The Grand Courtil demonstrates brilliantly how Crozes-Hermitage and a proportion of new oak (30 % in this case) can work together. We do not always buy this particular wine but when it works, as here, it works exceptionally well. Black olives and tapenade share the honours with ripe, expressive fruit.
Simon Field MW, BBR Buyer
Ferraton is owned by Chapoutier, but run as an autonomous entity. For a long time it seemed to underperform, almost as if shocked in the headlights of the energetic charisma of its benefactor. The potential of the vineyards, some of which are located on the very best sites on the Hill of Hermitage, has never been disputed. Now, with Bordelais winemaker Damien Brisset firmly in control, one begins to see, at last, the realisation of potential. I am pleased to have ‘stuck with’ them over the years, as the maturing vintages seldom fail to please and the quality of the current vintage gets better and better.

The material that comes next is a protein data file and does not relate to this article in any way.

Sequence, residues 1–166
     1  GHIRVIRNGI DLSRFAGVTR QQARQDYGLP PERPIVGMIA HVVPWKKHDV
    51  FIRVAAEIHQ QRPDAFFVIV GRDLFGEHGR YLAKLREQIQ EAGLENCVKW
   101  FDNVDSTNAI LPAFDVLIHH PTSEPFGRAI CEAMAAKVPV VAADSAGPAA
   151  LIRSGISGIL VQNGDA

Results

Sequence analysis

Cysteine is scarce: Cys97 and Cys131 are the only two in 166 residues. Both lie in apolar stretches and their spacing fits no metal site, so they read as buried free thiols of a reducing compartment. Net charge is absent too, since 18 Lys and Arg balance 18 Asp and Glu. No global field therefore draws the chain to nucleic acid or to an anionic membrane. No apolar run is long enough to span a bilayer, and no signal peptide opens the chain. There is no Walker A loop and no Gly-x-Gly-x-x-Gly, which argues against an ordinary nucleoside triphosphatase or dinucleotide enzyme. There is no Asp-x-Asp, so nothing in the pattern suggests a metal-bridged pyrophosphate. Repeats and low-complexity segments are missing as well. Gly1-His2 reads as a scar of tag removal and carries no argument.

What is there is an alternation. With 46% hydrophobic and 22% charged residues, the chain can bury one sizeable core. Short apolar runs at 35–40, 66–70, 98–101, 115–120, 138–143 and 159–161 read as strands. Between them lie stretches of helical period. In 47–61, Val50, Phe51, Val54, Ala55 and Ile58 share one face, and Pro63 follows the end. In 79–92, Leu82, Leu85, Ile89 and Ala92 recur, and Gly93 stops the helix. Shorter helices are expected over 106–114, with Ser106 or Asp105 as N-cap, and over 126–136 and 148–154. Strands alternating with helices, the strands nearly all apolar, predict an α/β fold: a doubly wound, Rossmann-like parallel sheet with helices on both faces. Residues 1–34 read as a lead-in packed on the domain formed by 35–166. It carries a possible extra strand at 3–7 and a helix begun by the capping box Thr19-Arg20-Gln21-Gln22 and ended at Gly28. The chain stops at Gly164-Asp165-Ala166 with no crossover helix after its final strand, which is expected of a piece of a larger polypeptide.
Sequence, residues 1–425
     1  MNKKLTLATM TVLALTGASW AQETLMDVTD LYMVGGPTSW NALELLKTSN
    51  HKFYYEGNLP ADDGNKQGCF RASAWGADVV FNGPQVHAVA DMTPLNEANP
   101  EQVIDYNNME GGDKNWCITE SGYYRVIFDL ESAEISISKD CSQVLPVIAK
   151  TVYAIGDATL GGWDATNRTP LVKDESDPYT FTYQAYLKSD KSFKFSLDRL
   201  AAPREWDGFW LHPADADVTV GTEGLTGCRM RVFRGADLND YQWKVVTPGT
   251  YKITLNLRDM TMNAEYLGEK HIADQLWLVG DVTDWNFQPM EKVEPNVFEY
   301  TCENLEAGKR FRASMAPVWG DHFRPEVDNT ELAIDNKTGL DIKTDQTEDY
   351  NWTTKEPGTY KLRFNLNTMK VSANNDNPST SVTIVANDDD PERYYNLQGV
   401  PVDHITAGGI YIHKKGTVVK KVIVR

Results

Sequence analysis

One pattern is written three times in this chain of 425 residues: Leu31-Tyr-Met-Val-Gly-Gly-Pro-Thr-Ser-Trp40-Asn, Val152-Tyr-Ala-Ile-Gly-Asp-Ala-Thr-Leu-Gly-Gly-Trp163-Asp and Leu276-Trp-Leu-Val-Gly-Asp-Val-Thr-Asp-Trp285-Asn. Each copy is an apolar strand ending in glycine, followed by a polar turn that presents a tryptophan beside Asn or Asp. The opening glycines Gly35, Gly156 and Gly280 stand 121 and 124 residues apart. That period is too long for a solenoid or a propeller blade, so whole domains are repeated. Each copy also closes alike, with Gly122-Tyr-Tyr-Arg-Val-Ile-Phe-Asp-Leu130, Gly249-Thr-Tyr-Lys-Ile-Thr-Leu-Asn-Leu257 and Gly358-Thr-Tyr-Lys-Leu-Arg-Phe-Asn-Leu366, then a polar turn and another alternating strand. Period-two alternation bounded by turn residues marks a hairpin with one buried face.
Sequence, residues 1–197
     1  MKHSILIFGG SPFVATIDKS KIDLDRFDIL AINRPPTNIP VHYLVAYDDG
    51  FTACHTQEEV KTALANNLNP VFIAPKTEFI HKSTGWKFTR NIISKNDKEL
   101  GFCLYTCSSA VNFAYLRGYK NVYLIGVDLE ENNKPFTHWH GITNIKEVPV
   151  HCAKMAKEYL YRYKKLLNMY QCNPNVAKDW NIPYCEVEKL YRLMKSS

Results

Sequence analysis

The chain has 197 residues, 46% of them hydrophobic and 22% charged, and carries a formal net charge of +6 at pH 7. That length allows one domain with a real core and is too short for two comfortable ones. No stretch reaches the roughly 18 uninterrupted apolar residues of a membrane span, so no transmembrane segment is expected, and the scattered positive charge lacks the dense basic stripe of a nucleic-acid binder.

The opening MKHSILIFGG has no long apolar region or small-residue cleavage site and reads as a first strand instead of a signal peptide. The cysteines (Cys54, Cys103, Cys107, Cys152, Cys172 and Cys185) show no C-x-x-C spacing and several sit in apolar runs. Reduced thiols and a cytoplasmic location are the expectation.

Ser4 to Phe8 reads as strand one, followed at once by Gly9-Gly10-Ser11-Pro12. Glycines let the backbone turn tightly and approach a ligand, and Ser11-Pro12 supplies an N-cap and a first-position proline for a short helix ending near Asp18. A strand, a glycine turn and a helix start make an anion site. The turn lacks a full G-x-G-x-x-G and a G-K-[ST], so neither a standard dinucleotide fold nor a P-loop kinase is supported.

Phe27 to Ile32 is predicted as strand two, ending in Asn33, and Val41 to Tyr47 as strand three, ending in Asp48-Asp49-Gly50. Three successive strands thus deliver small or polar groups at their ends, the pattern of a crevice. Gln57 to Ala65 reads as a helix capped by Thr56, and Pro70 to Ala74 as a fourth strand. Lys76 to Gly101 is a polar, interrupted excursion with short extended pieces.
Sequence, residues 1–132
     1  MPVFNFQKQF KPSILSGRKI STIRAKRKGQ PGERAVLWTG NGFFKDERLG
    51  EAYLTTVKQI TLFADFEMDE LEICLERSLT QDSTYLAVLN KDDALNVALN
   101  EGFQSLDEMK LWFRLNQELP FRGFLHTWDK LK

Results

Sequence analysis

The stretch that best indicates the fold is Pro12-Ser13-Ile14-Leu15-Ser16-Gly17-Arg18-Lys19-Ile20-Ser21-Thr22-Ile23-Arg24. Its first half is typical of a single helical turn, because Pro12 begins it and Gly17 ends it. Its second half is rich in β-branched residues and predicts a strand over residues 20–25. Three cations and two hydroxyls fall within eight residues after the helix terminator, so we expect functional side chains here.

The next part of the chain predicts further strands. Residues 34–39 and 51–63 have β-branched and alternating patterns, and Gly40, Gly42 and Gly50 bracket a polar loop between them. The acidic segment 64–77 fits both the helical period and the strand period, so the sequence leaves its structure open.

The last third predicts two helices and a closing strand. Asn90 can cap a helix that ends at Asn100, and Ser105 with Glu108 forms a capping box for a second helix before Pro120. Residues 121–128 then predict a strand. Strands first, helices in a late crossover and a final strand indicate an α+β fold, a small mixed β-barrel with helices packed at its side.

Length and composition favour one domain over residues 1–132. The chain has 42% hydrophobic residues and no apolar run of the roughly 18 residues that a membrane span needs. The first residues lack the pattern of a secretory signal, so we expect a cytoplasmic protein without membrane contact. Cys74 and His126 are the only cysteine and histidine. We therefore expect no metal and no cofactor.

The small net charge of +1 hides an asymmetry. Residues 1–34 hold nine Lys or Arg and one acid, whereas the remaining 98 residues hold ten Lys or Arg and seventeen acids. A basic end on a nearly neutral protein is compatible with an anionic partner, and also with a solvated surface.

The three most spectacular wines in Ferraton’s 2011 portfolio include the 2011 Crozes-Ermitage Le Grand Courtil, which displays plenty of chocolaty espresso notes intermixed with creme de cassis, blackberries, charcoal and a hint of truffles. The complex aromatics are followed by a full-bodied, supple textured, front end-loaded, plump, fleshy red that is hard to resist. This 2011 should drink beautifully when released in 2013, and age nicely for a decade.
The quality of Ferraton’s wines has been increasing with nearly every new vintage thanks to the efforts of Michel Chapoutier and his number one assistant, P.H. Morel, who has the responsibilities for these wines. I have included a few Southern Rhones that were not reviewed in Issue #203. Some of the 2011 white wines are in bottle, but the more serious cuvees are still in barrel. Ferraton produced four lieu-dit offerings in 2011, which I tasted with Michel Chapoutier and Pierre-Henri Morel.
Robert Parker, Wine Advocate #204, Dec 2012